cvs commit: src/usr.sbin/syslogd syslogd.c
rwatson at FreeBSD.org
Fri Mar 31 10:30:29 UTC 2006
On Fri, 31 Mar 2006, Joao Barros wrote:
>>> My sole concern with this is that this means that syslogd will keep trying
>>> to write to the full filesystem - and the kernel will log the attempts to
>>> write to a full filesystem. Whilst there's rate limiting in the kernel,
>>> this sort of feedback loop is undesirable.
>> What I'd like to see is an argument to syslogd to specify a maximum full
>> level for the target file system. Log data is valuable, but being able to
>> write to /var/tmp/vi.recover is also important. syslogd -l 90% could
>> specify that sylogd should not write log records, perhaps other than an
>> "out of space record" to a log file on a file system with >=90% capacity.
>> This prevents the kernel from spewing about being out of space also. The
>> accounting code does exactly this, for identical reasons.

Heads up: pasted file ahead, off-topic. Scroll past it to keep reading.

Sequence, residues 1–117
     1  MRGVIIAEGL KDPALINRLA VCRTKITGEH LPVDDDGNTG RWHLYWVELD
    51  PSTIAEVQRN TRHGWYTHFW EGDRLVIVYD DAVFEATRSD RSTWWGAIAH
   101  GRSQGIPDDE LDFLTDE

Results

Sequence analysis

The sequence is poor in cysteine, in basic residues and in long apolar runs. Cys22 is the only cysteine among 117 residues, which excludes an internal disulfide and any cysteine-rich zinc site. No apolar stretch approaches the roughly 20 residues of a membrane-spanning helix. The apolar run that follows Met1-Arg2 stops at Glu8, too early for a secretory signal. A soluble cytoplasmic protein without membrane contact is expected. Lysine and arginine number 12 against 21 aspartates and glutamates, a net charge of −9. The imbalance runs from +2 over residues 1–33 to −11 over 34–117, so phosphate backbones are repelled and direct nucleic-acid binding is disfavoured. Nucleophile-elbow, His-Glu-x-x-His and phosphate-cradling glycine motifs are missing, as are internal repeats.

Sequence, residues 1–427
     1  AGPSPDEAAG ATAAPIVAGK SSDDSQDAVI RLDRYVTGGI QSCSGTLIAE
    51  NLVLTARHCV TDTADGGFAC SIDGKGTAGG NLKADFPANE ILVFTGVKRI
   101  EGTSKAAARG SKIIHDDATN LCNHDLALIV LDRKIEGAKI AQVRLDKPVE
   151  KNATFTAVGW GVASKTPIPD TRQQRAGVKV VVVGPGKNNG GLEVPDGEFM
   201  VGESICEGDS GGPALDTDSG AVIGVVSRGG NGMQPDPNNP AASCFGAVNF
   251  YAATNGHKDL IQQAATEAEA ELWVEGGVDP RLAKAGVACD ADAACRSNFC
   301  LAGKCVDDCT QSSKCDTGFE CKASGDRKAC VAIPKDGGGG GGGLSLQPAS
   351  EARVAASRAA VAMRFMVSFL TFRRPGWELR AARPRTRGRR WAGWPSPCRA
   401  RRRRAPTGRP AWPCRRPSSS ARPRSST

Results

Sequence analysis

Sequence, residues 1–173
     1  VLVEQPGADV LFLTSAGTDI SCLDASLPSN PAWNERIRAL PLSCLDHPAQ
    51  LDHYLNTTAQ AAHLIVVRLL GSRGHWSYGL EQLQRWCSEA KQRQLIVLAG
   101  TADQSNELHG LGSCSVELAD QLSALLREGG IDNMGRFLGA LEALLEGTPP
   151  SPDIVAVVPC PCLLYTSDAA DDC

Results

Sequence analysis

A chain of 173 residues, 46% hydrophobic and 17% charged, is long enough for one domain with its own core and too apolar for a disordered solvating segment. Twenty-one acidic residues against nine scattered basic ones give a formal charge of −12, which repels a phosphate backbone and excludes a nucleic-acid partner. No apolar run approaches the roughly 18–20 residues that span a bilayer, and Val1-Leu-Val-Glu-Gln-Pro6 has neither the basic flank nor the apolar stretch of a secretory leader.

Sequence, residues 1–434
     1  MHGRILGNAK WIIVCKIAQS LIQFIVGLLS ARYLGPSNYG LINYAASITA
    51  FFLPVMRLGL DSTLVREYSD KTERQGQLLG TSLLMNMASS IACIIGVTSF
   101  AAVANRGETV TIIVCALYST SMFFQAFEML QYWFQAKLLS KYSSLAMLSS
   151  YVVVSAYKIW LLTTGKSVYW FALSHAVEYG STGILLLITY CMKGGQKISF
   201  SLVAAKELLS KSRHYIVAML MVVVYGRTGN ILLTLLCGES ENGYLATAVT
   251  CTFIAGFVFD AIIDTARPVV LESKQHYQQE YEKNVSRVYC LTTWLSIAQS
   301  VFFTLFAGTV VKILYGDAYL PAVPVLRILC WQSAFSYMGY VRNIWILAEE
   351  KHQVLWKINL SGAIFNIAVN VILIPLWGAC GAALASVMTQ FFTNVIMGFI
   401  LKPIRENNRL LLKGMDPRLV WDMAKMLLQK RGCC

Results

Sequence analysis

> I was in bed last night and thought about this but also remembered
> something: imagine a very busy syslog machine, won't this "free space check"
> be a burden? I have a syslog machine at work that can fill up 30GB of disk
> in less than 2 hours and it's busy as it is :-) The solution as you
> correctly point out is it being optional. Take in consideration that
> checking by percentage can be tricky. On a very large disk that's
> inefficient, on a small one dangerous. Maybe a choice between percentage and
> real space is best.
> Does the kernel automatically starts complaining about out of space at 90%?
> If so that undermines my previous suggestions, but the questions remain ;-)
The cost to check for free space is the cost of a fstatfs() system call on the
file descriptor of the log file. This should be handled without touching the
disk, so while it's not a cheap system call compared to, say, getpid(), as it
acquires locks and enters VFS, it's a lot cheaper than any disk I/O operation.
Optional is good, if only because sometimes people do actually want logging to
fill the disk, and that's been the behavior historically :-).
While "how much free space is there" is a somewhat semantically problematic
concept, in practice you can divide available blocks by total blocks and get a
decent (and workable) approximation. At least, if you get the signed and
unsigned types right, which in the past the accounting system has not :-).
Robert N M Watson
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